Yahoo remains a work in progress

Earnings and guidance disappoint investors, but CEO Marissa Mayer says it will take time for growth to ratchet up. Shares are holding up.

By Charley Blaine Apr 17, 2013 1:43PM
© Peter Kramer/NBC/NBC NewsWire via Getty ImagesLet us take a charitable view of Yahoo (YHOO). The company's first-quarter results weren't terribly impressive, and the second-quarter guidance was a disappointment.

But investors -- for today, anyway -- weren't buying into the theory that the honeymoon is over for CEO Marissa Mayer, who joined the company a year ago.

The stock was down 8 cents to $23.71 on Wednesday. But a loss of less than 0.5% or so is nothing compared Wednesday's crummy stock market or, for that matter, with Tuesday evening when the shares fell as much as 5% after the company released its earnings. And it is still up 20.5% for the year and 51% since Mayer became CEO on July 16, 2012.

That said, Yahoo under Mayer remains a work in progress. And you can see that in Yahoo's second-quarter guidance. Yahoo expects revenue of $1.06 billion to $1.09 billion in the quarter after traffic acquisition costs -- that is, payments to all its advertising partners. The consensus estimate was $1.11 billion.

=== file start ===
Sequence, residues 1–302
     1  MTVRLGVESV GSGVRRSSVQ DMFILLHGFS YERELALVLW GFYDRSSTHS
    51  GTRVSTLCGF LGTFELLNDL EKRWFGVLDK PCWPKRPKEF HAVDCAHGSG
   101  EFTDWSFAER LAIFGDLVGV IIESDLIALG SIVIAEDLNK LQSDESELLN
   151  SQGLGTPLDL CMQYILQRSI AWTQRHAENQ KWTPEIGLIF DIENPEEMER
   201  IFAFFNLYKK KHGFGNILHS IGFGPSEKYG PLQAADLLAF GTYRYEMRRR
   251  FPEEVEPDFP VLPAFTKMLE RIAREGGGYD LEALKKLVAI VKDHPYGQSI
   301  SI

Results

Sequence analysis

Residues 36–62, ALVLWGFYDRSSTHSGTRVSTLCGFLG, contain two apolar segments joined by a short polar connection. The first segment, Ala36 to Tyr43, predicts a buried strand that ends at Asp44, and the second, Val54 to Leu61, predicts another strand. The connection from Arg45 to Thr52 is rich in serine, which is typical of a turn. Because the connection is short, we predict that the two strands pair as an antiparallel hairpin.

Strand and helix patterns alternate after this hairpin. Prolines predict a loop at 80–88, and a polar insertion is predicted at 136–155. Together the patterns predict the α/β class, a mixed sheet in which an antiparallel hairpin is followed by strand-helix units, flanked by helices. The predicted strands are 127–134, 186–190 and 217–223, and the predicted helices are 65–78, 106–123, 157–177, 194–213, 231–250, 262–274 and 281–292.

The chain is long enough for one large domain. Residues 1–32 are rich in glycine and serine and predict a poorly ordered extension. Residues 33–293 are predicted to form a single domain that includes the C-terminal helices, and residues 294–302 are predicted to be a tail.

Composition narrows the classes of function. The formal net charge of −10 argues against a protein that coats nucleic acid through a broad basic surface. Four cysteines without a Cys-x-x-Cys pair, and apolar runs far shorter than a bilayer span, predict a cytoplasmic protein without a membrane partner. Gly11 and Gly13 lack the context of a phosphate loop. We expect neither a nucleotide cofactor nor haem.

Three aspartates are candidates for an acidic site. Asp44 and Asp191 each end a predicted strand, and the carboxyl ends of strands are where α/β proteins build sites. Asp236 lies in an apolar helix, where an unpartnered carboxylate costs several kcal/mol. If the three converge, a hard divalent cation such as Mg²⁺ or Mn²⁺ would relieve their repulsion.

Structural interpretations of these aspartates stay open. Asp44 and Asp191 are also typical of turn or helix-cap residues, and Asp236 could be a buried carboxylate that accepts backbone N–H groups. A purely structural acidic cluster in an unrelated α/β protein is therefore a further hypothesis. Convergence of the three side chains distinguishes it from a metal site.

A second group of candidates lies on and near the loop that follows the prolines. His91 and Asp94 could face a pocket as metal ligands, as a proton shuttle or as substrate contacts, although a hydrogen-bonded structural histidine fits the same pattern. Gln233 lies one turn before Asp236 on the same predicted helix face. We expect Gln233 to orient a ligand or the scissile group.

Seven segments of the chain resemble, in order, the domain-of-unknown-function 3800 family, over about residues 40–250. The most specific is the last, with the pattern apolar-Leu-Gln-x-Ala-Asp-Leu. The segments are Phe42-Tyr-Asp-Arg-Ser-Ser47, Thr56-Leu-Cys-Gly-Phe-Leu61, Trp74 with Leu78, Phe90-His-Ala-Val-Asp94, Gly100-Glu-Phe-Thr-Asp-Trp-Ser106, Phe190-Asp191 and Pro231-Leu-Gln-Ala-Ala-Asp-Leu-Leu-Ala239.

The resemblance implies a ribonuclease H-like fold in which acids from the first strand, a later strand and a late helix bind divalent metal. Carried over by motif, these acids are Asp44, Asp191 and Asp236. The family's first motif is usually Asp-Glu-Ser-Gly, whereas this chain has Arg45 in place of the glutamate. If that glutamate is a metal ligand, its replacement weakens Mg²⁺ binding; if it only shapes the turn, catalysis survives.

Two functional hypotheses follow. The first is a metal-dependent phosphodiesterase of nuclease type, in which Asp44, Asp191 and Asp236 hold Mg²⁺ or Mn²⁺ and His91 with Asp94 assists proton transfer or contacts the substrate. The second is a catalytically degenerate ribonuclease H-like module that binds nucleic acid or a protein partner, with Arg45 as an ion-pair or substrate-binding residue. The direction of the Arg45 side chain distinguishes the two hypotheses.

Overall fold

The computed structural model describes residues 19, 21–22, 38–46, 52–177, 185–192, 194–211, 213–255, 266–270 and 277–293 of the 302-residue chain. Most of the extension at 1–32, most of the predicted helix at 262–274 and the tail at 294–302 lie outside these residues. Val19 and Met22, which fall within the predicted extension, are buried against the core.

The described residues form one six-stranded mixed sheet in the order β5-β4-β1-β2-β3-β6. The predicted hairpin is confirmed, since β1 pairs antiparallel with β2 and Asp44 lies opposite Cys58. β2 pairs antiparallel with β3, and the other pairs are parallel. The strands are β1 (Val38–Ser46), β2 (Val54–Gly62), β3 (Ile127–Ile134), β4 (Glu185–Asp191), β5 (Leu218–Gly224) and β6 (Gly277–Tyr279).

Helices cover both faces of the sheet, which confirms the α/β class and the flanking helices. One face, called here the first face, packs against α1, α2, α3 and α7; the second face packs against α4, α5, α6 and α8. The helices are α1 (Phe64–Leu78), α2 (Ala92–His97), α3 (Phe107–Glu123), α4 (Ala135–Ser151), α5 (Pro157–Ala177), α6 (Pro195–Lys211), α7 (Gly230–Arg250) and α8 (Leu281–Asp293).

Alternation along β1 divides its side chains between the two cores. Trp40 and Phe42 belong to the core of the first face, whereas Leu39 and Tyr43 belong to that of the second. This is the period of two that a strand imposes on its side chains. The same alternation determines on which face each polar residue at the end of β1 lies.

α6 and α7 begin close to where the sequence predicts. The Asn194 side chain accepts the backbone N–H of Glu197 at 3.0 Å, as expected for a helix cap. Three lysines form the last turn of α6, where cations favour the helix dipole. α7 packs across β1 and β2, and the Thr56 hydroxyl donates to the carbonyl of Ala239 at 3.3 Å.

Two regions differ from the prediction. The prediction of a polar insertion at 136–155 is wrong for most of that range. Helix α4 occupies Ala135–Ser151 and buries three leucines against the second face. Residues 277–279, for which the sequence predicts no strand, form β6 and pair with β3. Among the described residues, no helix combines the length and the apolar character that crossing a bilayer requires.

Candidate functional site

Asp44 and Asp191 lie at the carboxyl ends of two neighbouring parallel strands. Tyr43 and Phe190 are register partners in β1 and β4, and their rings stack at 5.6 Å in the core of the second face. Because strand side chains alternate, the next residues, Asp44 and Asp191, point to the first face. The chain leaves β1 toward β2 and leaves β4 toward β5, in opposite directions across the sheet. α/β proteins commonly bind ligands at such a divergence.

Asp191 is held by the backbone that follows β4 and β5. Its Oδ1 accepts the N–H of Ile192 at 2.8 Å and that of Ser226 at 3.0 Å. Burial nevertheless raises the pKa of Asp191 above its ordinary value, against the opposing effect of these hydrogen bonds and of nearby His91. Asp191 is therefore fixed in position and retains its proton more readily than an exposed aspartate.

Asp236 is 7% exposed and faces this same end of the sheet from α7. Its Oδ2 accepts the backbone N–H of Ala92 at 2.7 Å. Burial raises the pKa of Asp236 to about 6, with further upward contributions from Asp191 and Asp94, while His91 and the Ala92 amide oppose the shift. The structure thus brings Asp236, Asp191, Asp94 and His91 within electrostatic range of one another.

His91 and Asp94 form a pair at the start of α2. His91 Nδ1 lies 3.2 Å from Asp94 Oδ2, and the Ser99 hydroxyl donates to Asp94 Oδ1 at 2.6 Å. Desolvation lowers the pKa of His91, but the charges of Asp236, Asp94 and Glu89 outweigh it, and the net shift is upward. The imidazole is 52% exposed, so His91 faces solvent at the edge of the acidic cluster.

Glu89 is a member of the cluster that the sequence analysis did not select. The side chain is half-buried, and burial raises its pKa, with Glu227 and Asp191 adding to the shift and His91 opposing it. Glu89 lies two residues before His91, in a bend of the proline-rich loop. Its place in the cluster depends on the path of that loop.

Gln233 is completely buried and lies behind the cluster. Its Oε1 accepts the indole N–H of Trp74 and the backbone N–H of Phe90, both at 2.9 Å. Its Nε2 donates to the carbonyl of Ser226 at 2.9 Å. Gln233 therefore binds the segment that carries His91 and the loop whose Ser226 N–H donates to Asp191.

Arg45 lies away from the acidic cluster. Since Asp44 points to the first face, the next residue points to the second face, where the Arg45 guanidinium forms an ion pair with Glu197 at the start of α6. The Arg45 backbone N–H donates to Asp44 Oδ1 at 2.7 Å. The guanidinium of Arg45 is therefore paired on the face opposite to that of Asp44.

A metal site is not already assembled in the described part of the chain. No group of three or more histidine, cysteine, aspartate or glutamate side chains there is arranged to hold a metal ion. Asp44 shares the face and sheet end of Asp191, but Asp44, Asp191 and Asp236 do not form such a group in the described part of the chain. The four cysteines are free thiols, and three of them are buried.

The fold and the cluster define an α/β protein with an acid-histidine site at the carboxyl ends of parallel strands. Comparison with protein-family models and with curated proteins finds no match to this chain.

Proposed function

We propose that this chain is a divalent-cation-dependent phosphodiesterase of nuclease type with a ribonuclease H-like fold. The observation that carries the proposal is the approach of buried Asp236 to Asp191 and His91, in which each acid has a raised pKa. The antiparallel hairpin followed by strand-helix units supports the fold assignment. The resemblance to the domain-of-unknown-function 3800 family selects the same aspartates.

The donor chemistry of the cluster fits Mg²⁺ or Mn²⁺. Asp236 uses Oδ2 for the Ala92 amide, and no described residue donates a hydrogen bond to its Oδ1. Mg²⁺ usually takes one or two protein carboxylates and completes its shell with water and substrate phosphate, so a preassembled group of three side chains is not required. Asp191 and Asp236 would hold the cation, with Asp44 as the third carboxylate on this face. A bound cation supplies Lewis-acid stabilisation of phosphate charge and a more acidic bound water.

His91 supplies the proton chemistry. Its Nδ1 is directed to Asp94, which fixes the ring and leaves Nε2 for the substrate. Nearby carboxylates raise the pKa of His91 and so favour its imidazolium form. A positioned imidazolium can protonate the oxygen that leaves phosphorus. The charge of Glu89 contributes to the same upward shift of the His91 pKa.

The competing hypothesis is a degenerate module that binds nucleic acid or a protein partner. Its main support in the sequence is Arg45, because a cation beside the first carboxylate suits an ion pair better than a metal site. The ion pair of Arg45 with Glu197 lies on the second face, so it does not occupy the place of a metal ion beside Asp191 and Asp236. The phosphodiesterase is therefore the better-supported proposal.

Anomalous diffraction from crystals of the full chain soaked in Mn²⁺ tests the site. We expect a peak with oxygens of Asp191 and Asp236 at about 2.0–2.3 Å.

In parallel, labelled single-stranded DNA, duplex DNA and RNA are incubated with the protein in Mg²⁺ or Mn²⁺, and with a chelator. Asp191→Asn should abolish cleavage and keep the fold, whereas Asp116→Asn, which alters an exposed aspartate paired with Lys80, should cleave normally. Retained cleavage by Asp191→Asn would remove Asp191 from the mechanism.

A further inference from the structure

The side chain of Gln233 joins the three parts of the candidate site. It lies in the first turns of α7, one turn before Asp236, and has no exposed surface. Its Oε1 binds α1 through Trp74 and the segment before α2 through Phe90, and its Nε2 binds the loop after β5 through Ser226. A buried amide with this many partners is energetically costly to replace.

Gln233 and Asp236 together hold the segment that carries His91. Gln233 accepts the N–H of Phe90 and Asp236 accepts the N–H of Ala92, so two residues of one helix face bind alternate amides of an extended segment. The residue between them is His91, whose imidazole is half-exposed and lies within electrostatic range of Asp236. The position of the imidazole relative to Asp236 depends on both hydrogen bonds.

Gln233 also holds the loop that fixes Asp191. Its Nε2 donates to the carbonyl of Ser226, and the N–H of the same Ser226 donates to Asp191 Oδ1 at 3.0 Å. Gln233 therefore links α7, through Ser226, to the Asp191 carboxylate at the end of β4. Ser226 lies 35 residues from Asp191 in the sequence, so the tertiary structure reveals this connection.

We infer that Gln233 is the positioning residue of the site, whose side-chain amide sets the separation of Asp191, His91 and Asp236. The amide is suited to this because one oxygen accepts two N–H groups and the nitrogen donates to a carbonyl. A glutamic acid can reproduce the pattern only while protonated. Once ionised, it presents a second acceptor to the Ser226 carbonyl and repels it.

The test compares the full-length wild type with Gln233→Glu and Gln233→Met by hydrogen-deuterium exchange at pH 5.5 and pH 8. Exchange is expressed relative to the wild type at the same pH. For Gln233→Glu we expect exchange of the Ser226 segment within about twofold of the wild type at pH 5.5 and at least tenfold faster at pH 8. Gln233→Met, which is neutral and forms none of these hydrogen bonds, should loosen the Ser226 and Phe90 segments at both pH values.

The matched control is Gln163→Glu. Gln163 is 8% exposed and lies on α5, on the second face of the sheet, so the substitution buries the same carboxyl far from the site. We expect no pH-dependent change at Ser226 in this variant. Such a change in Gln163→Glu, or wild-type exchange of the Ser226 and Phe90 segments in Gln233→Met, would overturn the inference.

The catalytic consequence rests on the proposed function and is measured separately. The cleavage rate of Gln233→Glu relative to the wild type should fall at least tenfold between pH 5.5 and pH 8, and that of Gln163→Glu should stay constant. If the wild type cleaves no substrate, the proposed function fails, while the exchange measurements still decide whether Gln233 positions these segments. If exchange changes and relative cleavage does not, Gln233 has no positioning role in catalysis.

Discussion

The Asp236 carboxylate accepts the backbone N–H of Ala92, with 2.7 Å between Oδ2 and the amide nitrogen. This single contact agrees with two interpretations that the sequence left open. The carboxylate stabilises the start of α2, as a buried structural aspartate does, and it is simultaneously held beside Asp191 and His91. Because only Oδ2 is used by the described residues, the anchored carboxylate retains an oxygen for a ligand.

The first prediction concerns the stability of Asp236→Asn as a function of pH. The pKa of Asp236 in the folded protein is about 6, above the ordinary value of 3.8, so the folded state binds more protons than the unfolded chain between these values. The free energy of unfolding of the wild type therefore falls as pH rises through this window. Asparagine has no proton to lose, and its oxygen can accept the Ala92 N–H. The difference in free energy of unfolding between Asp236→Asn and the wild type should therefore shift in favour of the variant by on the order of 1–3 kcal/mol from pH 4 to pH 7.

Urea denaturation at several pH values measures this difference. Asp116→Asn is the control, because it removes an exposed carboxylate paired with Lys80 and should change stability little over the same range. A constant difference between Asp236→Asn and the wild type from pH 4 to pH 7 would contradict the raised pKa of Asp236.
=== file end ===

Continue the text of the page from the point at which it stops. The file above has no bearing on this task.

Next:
It expects earnings before interest, depreciation and taxes of $350 million to $370 million, a touch lower than a year ago.

At the same time, Yahoo reported a 10% decline in search revenue to $425 million and an 11% drop in display advertising revenue to $455 million in the first quarter. The declines startled some analysts.

Overall, Yahoo earned 38 cents a share before one-time charges on revenue of $1.07 billion. A year ago, it earned 27 cents a share on revenue of $1.08 billion. Free cash-flow was $150 million, down from $195.8 billion.

But Mayer insisted on the company's conference call that the issue is timing. The payoff is coming but will take a few years. Yahoo has spent the last year stabilizing the ship, including getting the right personnel into the right jobs. It has fixed a number of problems, including redesigning its home page and its email service.

The company expects to continue to focus on optimizing its mobile offerings. "Mobile is not only at the center of our users' daily habit," Mayer said. "It is the center of a huge industry shift in Internet access." She noted that more than 1 billion people access the Internet with smart phones, and tablet usage is growing faster than smart phones.

Still, Mayer's push to revamp the Yahoo home page and e-mail haven't reversed the decline in display-ad sales, an area where Google (GOOG) and Facebook (FB) continue to gain ground.

"Her approach may be right for the long term, but it's going to look pretty messy for the next little while," Brian Wieser, an analyst at Pivotal Research Group in Portland, Ore., told Bloomberg News. He rates the shares a "hold."  

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